Practice Gratitude Daily
Young brunette woman practicing gratitude outside

Practice Gratitude Daily

  Uncategorized, Co-occuring Disorders, Blog

It sounds almost platitudinous to say that we should all be more grateful, yet the daily practice of gratitude is more than an empty cliché. Being thankful, as an active state of mind, can have far-flung effects on our mental health, all of them positive. When we choose gratitude instead of, or even alongside despair, it can help us to mitigate anxiety, stress, and internalized negativity; it allows us to be more open to the good things in this world. It helps us survive. For those in recovery, it can be an invaluable tool.

Gratitude can light the way

While it may seem strange or even avoidant to practice gratitude in the midst of hardship, it’s actually the best option we have for finding equanimity, if not radiant joy. I don’t think we practice gratitude in spite of hard times but because of them. In the light, when things seem to be going well for us and our loved ones, who among us actually pause to be grateful for the small things? We may even feel entitled to them. On the other hand, when things go dark, we don’t take those [suddenly] not-so-small things (including relationships) for granted. Imagine gratitude as the smallest flicker of a candle flame. Most of us tend not to notice such a small flicker in the light of day. But this same light means everything for the person stumbling through darker times. Practice gratitude daily and appreciate this flame, no matter how large or small, and it will never go out. Who knows? Your gratitude may be providing light for someone else without your even realizing it.

Practicing gratitude can be surprisingly easy. As with most things, it gets even easier if you actually practice! Applying gratitude to our day-to-day living is where things get a little more challenging. It takes discipline to do a practice, the rewards of which are often subtle. But gratitude is an active mindset and attitude that celebrates all that you have without lingering on what you lack. It’s a perspective that can transform some unpleasant situations or disappointments into things that have value.

 

How to make Gratitude a daily practice

We could all stand to work on our gratitude skills. Below are some practical ways to do exactly that, though we invite you to brainstorm some strategies of your own.

  • One tried and true method for active gratitude is to keep a journal, writing in it each day to list some things you are thankful for. This works well for many people, but we will also suggest a twist on this classic approach. Try keeping a gratitude calendar, instead; write down one thing you are thankful for every day, and when the new year starts, go back to the beginning of your calendar and add new entries for each day. Over time you will create a layered timeline of your daily gratitude practice.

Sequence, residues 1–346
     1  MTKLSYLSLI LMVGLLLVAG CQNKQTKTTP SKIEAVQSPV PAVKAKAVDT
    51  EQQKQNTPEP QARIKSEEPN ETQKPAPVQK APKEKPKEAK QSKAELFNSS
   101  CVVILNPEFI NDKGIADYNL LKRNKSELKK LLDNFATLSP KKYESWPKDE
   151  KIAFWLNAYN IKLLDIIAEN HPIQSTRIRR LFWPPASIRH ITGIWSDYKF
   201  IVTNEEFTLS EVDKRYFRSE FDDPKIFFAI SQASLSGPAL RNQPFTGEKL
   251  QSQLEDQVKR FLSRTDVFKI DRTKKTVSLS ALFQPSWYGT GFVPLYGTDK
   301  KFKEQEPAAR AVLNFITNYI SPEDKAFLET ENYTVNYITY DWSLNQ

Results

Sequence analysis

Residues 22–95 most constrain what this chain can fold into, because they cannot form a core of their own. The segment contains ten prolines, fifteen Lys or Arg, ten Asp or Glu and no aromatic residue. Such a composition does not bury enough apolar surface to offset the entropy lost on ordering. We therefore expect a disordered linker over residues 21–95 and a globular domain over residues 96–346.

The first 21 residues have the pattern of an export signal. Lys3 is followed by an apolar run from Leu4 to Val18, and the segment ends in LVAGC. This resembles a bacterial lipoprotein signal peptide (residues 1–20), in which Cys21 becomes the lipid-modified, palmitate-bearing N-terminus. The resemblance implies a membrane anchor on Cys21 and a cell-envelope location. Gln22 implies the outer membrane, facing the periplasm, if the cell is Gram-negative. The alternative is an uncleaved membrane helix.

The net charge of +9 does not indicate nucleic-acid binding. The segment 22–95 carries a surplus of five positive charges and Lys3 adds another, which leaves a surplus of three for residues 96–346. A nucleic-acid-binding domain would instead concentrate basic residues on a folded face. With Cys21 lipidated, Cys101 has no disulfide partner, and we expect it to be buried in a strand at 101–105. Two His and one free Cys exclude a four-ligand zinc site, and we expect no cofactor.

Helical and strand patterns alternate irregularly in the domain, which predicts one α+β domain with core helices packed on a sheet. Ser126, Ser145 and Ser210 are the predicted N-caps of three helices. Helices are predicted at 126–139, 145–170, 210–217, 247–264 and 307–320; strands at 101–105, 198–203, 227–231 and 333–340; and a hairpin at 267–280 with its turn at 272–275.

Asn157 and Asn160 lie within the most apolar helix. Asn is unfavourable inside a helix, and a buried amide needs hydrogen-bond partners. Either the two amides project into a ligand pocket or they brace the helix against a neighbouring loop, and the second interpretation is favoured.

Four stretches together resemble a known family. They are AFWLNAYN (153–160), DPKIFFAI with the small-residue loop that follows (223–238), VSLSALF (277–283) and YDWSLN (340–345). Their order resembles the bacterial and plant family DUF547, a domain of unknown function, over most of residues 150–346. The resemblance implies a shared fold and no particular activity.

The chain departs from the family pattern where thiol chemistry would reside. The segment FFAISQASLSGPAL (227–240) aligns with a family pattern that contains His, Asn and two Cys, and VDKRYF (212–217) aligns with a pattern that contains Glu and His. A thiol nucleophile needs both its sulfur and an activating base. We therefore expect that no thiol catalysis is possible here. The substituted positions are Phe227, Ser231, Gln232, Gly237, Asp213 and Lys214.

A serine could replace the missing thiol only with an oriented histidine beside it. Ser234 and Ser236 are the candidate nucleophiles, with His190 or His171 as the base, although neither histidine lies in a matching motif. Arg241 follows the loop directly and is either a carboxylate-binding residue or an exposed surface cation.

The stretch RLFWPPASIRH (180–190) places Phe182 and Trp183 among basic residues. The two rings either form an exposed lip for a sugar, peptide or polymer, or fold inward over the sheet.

• Use important days—anniversaries, birthdays, etc.— as key opportunities to meditate on the things you are thankful for. Take some time on these milestones to reflect on the previous year, and perhaps write a list of things you are thankful for. Also, try writing out predictions for the good things that will come in the next year.
  • You are probably familiar with the practice of saying grace at mealtimes. A different approach to this—and one that is perfectly welcoming even to the non-religious—is to go around the table and offer something you are thankful for at each meal. Get your family members and your friends—whoever you share the table with—involved in this process.
  • Use difficulties and hardships as opportunities for gratitude. Instead of beating yourself up over mistakes, you have made, encourage yourself to think instead about lessons you have learned, or about those “blessings in disguise” that you might experience through troubled times.
  • Look for opportunities to say thank you to actual people in your life—and they don’t necessarily have to be people you know well. Say thank you to the people who serve you, the people who often blend into the background of your day. Offer thanks to your Uber driver, to the barista who makes your coffee, to the people who hold doors open for you… anyone and everyone you have the opportunity to thank, do!
  • Another option is to thank the people who have been influential in your past—former teachers, coaches, bosses, mentors, co-workers, or friends. Reconnect with them by writing them a letter and simply expressing the gratitude you have for them, and for their influence in your life.

There are always things to be thankful for and always opportunities to express gratitude. Find them, seize them, and watch how they change your heart, your mind, and your life. Make gratitude the backbone of your recovery, this and every month.

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